Culture Meeting - comment piece by Michael Russell
12 March 2009
As Scots we are right to be proud of our country and its outstandingly rich and diverse culture. From the earliest examples of human hand to the iconic landmarks of Scotland’s great industrial heritage, our historic environment is second to none.
And it is a heritage that enjoys world acclaim. Scotland’s five World Heritage Sites of the Heart of Neolithic Orkney, Edinburgh Old and New Towns, New Lanark, St Kilda and now the Antonine Wall are a clear demonstration of how highly regarded Scotland’s heritage is by the international community.
The nomination by UNESCO of the Antonine Wall as Scotland’s fifth World Heritage Site is a celebration of partnership. As part of the transnational Frontiers of the Roman Empire World Heritage Site, the Antonine wall crosses many international boundaries, but it also crosses local boundaries. From the first steps in 2003 to have the wall recognised as a World Heritage Site, the five local authorities along the length of the Wall, Historic Scotland, and many other people and organisations have worked together to achieve this success.
Achieving World Heritage status means much more than the simple act of recognising the international value of our heritage. There is a real sense of pride and enthusiasm, not just at a national level, but among those who live and work there.
When I visited the Antonine Wall yesterday with Barbara Follett it was wonderful to see our young people learning about their history and celebrating it. There is a passion in the local community for their World Heritage Site; I believe that is something we can all share and enjoy.
Our historic environment is a tangible link to the generations who came before us and shaped what we see around us. It gives us a sense of community and place; it is how we identify with where we live and it is right that we value and respect that. But it is also right that we see it as an opportunity and a resource which makes a significant contribution to economic growth through tourism and sustainable development.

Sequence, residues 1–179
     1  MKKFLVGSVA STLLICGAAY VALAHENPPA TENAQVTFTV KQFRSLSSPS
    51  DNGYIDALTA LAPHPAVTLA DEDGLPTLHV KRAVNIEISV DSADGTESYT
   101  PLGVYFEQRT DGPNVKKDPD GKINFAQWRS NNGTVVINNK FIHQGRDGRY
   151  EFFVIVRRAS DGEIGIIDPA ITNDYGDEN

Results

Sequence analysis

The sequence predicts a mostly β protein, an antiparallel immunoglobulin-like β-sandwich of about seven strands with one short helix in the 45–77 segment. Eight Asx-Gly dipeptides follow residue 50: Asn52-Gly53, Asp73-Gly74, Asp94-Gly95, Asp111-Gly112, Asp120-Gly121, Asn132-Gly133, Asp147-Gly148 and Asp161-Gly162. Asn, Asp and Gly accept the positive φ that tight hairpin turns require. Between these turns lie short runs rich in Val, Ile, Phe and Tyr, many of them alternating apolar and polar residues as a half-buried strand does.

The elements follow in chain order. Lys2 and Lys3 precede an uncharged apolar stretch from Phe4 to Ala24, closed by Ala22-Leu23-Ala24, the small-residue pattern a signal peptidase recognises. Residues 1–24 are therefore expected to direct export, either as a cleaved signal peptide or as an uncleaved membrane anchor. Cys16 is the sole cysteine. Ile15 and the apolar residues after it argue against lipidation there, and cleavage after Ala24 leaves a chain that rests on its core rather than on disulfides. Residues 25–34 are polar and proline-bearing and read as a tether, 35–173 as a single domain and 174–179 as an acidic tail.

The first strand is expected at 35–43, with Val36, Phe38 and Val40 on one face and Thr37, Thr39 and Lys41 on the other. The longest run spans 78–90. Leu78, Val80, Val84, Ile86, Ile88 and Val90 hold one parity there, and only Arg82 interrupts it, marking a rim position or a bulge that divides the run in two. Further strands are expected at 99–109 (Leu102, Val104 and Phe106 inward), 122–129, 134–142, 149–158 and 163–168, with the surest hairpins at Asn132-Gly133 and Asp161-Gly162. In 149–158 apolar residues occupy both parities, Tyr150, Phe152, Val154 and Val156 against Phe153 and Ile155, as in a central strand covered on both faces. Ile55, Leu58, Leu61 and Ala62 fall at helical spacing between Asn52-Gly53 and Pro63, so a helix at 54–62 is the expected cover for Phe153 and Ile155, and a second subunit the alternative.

We have committed £13.5 million through Historic Scotland’s Conservation Areas Regeneration Scheme which is beginning to bring new life to town centres like Kilmarnock. We can see the benefits of public bodies working together in schemes like the former meat market in Glasgow where our leading architects have worked within the historic setting to create social housing, and in the east end of Glasgow where investment is bringing empty buildings back into use.
This Government is creating the environment in which this is possible. Our planning reforms together with the joint working agreements with local councils and delegation of local decision making to a local level taken forward by Historic Scotland are working to build a positive attitude to the historic environment. It is an opportunity which can contribute to the Government’s central purpose, to make Scotland a more sustainable country.
Of course we must sustain the correct balance between protecting those aspects of our historic environment that we cherish and the need for Scotland to secure its place in the world as a modern and dynamic nation.
We have a duty of care to safeguard our historic environment for future generations. Our touch should be light, but it must also be effective.
Michael Russell MSP
Minister for Culture, External Affairs and the Constitution